This Week in Classical Music: June 20, 2022. A Horszowski encounter. Langhe is an exceptionally beautiful part of Italy, a stretch of hilly land south of Turin famous for its Barolo and Barbaresco wines and white truffles. It’s dotted with hilltop villages and castles and reminds one of much more popular (and crowded) Tuscany. The area around the village of Barolo is particularly pretty, with 12th-century castles facing each other across the vineyard-covered valleys. Monforte d'Alba is about two and a half miles from Barolo as the crow flies and twice as much to drive (which is a pleasure to do, so delightful are the ever-changing vistas), it has the requisite castle and a church at the top of the hill. It also has an unusual Roman-style open theater next to it, pictured here. What is completely unexpected, though, is to see the name of the pianist Mieczysław Horszowski: it’s right there on a plaque which says: “Auditorium Miecio Horszowski “Nostro piccolo gran consolatore”(our little great comforter),” and dated 1986. “Miecio” is probably the best Italians could do with the name Mieczysław, “Piccolo” clearly refers to Horszowski’s stature – he was about five feet tall, but Gran (short for Grande) indicates his status as a musician and cultural figure.
Mieczysław Horszowski, a wonderful Polish-Russian-Jewish-American pianist is famous for his art and his longevity, both artistic and physical: he played his last concert at the age of 99 and died one month short of his 101st birthday. We don’t know the details of his association with the auditorium, but Horszowski did live in Milan for 25 years, which is less than a two-hour drive away. Also, when Horszowski was 89, he married the Italian pianist Bice Costa, thirty plus his younger. It’s our guess that this may’ve been the connection, but what we do know for sure is that Horszowski played at the inaugural concert and the venue was later named after him, Auditorium Horszowski. A jazz festival takes place there every year.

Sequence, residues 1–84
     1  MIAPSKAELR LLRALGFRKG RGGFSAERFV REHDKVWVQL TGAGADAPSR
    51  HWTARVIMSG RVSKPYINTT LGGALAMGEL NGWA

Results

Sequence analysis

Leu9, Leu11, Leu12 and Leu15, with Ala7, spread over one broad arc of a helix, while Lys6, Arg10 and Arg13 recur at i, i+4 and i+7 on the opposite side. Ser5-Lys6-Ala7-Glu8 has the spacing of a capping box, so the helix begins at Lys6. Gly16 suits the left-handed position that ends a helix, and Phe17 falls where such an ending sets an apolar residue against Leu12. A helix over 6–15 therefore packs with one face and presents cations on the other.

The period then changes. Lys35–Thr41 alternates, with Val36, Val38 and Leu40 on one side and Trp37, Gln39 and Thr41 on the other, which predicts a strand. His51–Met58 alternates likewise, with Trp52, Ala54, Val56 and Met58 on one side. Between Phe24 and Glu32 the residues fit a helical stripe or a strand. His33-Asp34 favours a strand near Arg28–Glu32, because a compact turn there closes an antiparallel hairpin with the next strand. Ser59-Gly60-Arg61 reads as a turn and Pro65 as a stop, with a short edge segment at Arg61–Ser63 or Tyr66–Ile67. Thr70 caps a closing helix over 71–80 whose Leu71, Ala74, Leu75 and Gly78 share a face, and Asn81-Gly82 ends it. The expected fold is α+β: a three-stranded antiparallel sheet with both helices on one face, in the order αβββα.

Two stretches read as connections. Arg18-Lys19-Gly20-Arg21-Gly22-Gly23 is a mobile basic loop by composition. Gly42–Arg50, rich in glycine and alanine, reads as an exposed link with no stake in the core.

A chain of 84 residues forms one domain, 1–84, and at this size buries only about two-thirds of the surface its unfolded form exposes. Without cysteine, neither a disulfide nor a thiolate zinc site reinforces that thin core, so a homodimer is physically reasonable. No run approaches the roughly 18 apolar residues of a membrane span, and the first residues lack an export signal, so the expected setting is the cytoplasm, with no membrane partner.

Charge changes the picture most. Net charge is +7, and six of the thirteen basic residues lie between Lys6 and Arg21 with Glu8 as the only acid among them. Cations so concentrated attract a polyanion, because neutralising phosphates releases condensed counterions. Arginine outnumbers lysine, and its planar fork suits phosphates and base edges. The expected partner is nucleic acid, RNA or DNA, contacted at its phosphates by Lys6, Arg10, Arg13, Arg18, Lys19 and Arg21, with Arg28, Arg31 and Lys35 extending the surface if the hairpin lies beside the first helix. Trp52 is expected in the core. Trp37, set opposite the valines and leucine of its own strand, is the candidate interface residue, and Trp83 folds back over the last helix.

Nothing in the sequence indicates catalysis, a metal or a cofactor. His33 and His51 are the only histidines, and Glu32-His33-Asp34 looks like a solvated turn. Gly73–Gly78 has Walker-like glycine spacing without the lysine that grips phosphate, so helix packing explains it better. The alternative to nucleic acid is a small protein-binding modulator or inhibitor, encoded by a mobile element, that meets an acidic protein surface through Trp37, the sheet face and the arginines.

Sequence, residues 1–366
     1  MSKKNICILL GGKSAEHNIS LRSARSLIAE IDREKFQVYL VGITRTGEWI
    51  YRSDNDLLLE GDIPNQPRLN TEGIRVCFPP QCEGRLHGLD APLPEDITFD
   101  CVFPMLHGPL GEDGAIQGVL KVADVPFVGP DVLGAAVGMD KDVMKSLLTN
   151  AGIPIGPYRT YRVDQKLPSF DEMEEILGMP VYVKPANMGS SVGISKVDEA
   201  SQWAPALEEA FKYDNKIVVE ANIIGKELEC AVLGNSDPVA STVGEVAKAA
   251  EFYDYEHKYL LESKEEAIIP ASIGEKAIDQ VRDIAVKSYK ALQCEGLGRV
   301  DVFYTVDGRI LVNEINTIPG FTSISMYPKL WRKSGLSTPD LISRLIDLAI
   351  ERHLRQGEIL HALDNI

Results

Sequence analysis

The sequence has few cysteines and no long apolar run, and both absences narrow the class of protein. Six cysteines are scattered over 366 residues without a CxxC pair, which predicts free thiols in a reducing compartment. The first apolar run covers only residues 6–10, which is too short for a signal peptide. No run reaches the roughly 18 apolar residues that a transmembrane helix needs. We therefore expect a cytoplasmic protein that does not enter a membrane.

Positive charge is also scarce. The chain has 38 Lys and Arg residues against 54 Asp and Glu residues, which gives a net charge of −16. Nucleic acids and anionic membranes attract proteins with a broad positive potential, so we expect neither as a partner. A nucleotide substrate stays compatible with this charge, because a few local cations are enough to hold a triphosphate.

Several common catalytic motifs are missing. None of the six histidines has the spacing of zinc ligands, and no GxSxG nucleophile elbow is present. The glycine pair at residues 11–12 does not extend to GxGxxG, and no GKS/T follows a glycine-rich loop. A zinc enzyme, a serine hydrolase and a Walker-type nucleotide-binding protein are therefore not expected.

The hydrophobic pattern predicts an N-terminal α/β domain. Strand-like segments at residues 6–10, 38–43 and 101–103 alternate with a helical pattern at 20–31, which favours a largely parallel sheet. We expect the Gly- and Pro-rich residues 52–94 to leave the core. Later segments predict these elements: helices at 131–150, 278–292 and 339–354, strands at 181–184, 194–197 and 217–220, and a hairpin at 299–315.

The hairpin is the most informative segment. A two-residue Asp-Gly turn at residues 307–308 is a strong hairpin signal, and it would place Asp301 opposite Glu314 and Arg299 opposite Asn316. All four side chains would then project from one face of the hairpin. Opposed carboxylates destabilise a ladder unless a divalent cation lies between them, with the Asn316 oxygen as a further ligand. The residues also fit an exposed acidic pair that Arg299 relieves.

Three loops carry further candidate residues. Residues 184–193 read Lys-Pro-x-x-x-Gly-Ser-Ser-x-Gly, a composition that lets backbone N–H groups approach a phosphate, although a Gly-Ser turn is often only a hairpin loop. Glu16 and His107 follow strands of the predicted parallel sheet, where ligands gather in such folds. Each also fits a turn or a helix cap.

Mieczysław Horszowski was born in Lemberg, Austria-Hungary (now Lviv, Ukraine) on June 23rd of 1892. He became Theodor Leschetizky’s student at the age of seven and played Beethoven’s Piano concerto no. 1 in Warsaw at the age of eight. In 1906 he made his American debut, playing at the Carnegie Hall. Since 1914 till the outbreak of WWII he lived in Milan and then moved to the United States where he joined the staff of the Curtis Institute (among his students were Murray Perahia, and Richard Goode). Despite his small hands, Horszowski had a fabulous technique, and his favorite repertoire – works by Bach, Beethoven and Chopin – didn’t require huge hands. As many of Leschetizky’s pupils (we can think of Artur Schnabel, Benno Moiseiwitsch, Ignacy Jan Paderewski, Ignaz Friedman), Horszowski had a beautiful singing sound. For 50 years he partnered with his friend Pablo Casals, who preferred Horszowski to any other pianist.
Here's Bach’s Partita No. 2 in C minor, recorded live in 1983. This live recording was made in Italy, but not in Monforte d'Alba but in a church of a Tuscan village of Castagno d'Andrea.